Robin Hood's appeal tested again at Cannes
By Gregg Kilday
CANNES (Hollywood Reporter) - If Robin Hood had never existed, Hollywood would have invented him.
In fact, whether there was an actual person behind the Robin Hood sung of in English ballads -- a matter of some debate -- the outlaw of Sherwood Forest owes his present-day celebrity to the big screen, beginning with Douglas Fairbanks' silent-era 1922 swashbuckler.
"America more or less hijacked Robin Hood at that point," says Thomas Hahn, a professor of English at the University of Rochester and Robin Hood scholar. "The movie took a local English folk hero and turned him into an international icon of popular culture."
Robin Hood's enduring appeal will be tested once again as the Cannes Film Festival gets under way Wednesday with the world premiere of Ridley Scott's "Robin Hood," with Russell Crowe in the titular role of an archer in the employ of King Richard the Lionheart who takes up the cause of the common man against the British crown.
Crowe's Robin won't just be challenging King John, though. The New Zealand-born actor will also be measured against a commanding lineup of previous Robins: Errol Flynn's raffishly athletic turn in 1938's "The Adventures of Robin Hood," for many the quintessential Robin Hood movie; the 1952 Disney version "The Story of Robin Hood and his Merrie Men," starring the good-natured Richard Todd; Sean Connery's autumnal take on an aging Robin in 1976's "Robin and Marian"; the avenging action hero played by Kevin Costner in 1991's "Robin Hood: Prince of Thieves"; and even the insouciant Robin of Cary Elwes in Mel Brooks' 1993 parody "Robin Hood: Men in Tights."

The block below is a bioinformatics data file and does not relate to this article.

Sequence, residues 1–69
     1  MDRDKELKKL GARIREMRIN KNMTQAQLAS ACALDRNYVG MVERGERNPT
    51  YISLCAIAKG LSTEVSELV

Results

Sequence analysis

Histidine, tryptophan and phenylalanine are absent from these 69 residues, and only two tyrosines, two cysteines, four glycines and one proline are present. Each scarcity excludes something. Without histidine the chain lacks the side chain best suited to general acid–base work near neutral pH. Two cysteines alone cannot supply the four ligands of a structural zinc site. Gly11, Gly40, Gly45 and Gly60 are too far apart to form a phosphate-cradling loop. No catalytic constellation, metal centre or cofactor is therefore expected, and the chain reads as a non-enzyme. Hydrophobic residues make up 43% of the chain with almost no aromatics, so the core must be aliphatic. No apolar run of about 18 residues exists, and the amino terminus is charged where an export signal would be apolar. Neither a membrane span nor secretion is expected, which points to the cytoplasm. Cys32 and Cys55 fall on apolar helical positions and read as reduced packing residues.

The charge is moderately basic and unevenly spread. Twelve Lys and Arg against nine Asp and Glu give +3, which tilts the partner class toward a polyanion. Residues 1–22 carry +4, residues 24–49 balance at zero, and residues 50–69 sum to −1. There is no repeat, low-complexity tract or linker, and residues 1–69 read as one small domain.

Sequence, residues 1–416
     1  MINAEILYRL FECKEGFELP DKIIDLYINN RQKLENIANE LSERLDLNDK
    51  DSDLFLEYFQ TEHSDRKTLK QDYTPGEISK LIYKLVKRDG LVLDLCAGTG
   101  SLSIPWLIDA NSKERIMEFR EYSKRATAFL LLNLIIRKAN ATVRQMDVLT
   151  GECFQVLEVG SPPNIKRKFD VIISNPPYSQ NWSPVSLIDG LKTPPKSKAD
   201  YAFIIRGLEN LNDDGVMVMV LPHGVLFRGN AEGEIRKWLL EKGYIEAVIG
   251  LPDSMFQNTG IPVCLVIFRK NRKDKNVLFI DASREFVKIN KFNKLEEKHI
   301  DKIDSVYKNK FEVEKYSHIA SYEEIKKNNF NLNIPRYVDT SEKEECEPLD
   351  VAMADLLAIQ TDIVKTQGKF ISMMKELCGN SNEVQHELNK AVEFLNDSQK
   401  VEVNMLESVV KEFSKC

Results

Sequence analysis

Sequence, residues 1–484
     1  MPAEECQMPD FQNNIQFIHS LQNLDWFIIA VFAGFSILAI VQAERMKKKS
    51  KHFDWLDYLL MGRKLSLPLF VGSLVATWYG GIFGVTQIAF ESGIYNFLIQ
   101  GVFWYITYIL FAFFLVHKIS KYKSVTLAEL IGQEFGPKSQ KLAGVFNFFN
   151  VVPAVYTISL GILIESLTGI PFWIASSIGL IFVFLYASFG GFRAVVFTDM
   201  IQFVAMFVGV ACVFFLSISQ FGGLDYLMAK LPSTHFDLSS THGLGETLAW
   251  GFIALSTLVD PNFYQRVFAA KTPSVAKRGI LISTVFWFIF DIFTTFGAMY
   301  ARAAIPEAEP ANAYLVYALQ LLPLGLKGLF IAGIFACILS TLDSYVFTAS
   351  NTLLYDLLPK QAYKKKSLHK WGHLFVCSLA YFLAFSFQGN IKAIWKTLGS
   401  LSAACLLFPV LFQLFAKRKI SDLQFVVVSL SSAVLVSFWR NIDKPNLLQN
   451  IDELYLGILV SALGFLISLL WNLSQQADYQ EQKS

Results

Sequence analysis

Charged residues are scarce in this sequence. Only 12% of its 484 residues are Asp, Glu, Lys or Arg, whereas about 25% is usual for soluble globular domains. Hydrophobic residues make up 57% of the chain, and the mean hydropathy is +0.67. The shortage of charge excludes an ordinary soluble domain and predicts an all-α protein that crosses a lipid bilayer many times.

Well aware of all the Robin Hoods that have come before him -- there's even been a Disney animated version with Robin portrayed as a wily fox, not to mention Chuck Jones' 1958 toon, "Robin Hood Daffy," with Daffy Duck's Robin pitted against Porky Pig's Friar Tuck -- Crowe has promised that this new Robin will get back to basics.
Appearing on "The Oprah Winfrey Show" last month as he began his promotional rounds, Crowe explained, "We wanted to really understand where the mythology had started from, because obviously (during) the previous hundred years of cinema, we felt like the story had been reduced somewhat and people were expecting a series of what had come to be known as cliches -- cliches to the point where Mel Brooks makes a movie about it. You know you've gone too far when Mel Brooks makes a movie about your particular subject. ... (But) it just seemed to us that there was something intrinsic about the story. We should just wipe away that other stuff and get to the core."
Laughed Brooks in response, "I thought I closed the door on all the Robin Hoods. I guess it's an enduring legend -- good versus bad, evil gets its comeuppance, and it's a period piece so you don't have to worry about being sued by Enron." Continued...